Download eBook for Free

Full Document

FormatFile SizeNotes
PDF file 0.6 MB

Use Adobe Acrobat Reader version 7.0 or higher for the best experience.

Summary Only

FormatFile SizeNotes
PDF file 0.2 MB

Use Adobe Acrobat Reader version 7.0 or higher for the best experience.

Abstract

A national health information network, or NHIN, that enables disparate health care information systems across the United States to allow authorized users to easily and quickly share critical health information has the potential to enhance safety and dramatically improve the quality and efficiency of the national health care system. A unique patient identifier (UPI) to use as a singular key to accurately link, file, and retrieve individual health records was seen as an important element of the national system and was mandated as part of the Health Insurance Portability and Accountability Act of 1996 (HIPAA) legislation. However, privacy and security concerns about electronically sharing patient information have completely sidetracked the development of standards for a UPI and threaten to delay the development of the NHIN.

Correctly linking patients to their health data is a vital step in achieving quality health care. The two primary approaches to this linking are the UPI and statistical matching based on multiple personal attributes, such as name, address, and Social Security number (SSN). Lacking a UPI, most of the U.S. health care system uses statistical matching methods. There are important health, efficiency, security, and safety reasons for moving the country away from the inherent uncertainties of statistical approaches and toward a UPI for health care.

This monograph examines the operational advantages and disadvantages, compares the errors, examines the costs, and discusses the privacy issues associated with the UPI and its alternatives. Our analysis indicates that a health care system in which every patient has a unique, nondisclosing (i.e., containing no personal information) patient identifier is clearly desirable for reducing errors, simplifying interoperability, increasing efficiency, improving patient confidence, promoting NHIN architectural flexibility, and protecting patient privacy. A one-time cost of $1.5 to $11.1 billion for a UPI, to remove the systemic errors in health-records retrieval, is small by comparison with the value a potential efficiency savings of $77 billion per year at the 90-percent level of adoption (with additional safety and health values that could double these benefits) that previous studies estimated for connected Electronic Health Record (EHR) systems. Prohibiting development of a UPI actually sidesteps the larger problem: the development of a NHIN without first establishing a legal environment that best protects privacy while also encouraging the advances that interoperability of EMR systems between providers would bring to health care quality and efficiency. Continuing de facto endorsement of statistical matching as the only practicable approach to linking patients to their electronic health records will inhibit the effective development of the national health information network.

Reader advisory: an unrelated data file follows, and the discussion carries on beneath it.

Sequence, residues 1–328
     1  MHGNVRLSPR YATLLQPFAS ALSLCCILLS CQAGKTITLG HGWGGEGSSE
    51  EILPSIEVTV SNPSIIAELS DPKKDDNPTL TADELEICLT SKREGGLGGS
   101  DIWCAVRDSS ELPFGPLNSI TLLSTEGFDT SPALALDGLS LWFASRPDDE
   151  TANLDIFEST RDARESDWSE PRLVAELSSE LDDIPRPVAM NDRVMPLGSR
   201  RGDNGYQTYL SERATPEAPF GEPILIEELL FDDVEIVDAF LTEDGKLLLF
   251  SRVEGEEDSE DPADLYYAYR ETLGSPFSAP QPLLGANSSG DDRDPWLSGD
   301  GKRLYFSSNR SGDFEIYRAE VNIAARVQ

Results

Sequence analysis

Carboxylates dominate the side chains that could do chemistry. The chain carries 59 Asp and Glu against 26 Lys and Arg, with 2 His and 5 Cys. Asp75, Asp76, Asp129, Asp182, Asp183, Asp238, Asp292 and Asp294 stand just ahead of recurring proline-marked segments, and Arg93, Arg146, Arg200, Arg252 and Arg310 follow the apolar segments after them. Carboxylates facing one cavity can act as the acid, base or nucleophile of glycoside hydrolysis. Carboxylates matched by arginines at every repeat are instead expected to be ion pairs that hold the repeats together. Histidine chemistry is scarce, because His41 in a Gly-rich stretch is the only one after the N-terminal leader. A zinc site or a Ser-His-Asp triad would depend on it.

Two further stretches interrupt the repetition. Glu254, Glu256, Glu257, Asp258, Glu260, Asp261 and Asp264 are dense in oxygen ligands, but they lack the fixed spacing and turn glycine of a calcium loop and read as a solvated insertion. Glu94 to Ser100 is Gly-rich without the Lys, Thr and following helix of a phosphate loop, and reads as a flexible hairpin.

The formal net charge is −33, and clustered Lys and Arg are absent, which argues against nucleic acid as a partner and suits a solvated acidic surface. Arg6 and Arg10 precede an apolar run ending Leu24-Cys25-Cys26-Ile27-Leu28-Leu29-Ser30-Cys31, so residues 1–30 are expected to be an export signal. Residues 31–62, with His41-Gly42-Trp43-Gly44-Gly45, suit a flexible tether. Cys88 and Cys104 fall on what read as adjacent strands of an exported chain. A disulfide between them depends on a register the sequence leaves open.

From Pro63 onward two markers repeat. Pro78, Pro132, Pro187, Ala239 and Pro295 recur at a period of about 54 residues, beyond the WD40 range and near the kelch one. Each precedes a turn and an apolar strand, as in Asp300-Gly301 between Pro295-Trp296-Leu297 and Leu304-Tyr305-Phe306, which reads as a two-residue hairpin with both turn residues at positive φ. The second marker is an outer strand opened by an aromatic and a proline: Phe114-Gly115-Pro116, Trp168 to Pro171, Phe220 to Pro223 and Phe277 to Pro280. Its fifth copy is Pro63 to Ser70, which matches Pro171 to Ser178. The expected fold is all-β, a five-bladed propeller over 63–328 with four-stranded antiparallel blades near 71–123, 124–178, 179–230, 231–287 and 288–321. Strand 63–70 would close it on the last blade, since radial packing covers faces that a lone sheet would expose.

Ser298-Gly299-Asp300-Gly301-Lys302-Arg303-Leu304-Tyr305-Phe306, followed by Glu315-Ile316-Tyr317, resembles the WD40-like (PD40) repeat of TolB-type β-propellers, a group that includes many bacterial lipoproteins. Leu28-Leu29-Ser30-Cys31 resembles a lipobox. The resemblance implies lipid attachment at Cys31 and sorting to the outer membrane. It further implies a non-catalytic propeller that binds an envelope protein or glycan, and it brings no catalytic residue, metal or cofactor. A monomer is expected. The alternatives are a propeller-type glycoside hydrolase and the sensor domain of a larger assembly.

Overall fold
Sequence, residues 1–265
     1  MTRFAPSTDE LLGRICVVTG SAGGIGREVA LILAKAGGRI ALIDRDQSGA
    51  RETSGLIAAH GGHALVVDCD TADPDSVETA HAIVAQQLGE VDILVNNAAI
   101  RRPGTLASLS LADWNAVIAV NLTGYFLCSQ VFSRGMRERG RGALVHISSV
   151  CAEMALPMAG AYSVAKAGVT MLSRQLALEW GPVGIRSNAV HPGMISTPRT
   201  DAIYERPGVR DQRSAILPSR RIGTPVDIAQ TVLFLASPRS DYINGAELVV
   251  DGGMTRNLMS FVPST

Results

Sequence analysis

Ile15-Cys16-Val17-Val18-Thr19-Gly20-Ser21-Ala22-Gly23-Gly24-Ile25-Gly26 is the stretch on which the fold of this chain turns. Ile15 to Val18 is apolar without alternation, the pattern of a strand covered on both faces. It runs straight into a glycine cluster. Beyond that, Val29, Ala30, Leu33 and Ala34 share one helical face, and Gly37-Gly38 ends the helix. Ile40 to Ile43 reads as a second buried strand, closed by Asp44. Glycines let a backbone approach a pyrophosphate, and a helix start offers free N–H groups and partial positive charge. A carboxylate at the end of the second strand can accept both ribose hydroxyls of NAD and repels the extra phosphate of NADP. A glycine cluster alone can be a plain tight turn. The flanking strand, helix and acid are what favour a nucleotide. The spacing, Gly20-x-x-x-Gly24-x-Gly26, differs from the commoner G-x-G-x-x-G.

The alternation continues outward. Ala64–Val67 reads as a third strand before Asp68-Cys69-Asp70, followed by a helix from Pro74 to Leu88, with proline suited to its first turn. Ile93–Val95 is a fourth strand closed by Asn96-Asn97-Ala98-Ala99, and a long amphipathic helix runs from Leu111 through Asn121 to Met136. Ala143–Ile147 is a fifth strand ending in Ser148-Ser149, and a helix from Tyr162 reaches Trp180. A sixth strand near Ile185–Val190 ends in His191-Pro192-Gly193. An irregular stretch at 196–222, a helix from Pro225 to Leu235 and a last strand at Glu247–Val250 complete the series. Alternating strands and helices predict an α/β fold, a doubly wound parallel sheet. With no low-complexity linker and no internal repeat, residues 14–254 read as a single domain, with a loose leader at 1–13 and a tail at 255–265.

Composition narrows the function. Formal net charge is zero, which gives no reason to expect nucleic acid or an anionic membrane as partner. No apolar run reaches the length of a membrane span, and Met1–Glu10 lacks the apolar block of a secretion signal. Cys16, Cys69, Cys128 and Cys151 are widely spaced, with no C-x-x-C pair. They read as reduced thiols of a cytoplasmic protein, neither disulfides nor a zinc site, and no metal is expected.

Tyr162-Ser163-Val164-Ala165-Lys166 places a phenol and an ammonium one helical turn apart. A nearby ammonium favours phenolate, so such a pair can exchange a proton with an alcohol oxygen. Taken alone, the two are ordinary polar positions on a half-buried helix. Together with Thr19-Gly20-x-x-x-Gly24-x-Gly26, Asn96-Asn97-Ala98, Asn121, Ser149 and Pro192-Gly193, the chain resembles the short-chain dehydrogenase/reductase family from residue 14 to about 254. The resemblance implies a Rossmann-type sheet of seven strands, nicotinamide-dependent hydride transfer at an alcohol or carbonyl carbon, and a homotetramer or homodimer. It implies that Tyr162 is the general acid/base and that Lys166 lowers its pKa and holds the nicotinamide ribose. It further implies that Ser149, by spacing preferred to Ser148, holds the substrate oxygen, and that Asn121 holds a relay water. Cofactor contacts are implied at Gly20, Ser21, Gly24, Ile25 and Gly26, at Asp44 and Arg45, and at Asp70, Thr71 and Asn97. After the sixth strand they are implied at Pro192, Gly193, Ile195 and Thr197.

This monograph should be of interest to health care IT professionals, other health care executives and researchers, and officials in the government responsible for health policy.

Table of Contents

  • Chapter One

    Introduction

  • Chapter Two

    The Primary Approaches for Identifying Patients and Linking Their Health Records

  • Chapter Three

    Errors in Linking to Medical Records

  • Chapter Four

    Operational Issues

  • Chapter Five

    Privacy and Security of the Alternatives

  • Chapter Six

    Costs

  • Chapter Seven

    The Policy and Political Environment for a National Patient Identifier

  • Chapter Eight

    Conclusions and Implications

  • Appendix A

    Analysis of False-Positive Errors in a Large Demographic Database

  • Appendix B

    Designs and Costs of Systems for Accessing Personal Health Information

Research conducted by

The research described in this report was conducted within RAND Health, a unit of the RAND Corporation, and sponsored by a consortium of health information technology companies: Cerner Corporation, CPSI, Intel, IBM, Microsoft, MISYS, Oracle, and Siemens.

This report is part of the RAND Corporation monograph series. RAND monographs present major research findings that address the challenges facing the public and private sectors. All RAND monographs undergo rigorous peer review to ensure high standards for research quality and objectivity.

Permission is given to duplicate this electronic document for personal use only, as long as it is unaltered and complete. Copies may not be duplicated for commercial purposes. Unauthorized posting of RAND PDFs to a non-RAND Web site is prohibited. RAND PDFs are protected under copyright law. For information on reprint and linking permissions, please visit the RAND Permissions page.

The RAND Corporation is a nonprofit institution that helps improve policy and decisionmaking through research and analysis. RAND's publications do not necessarily reflect the opinions of its research clients and sponsors.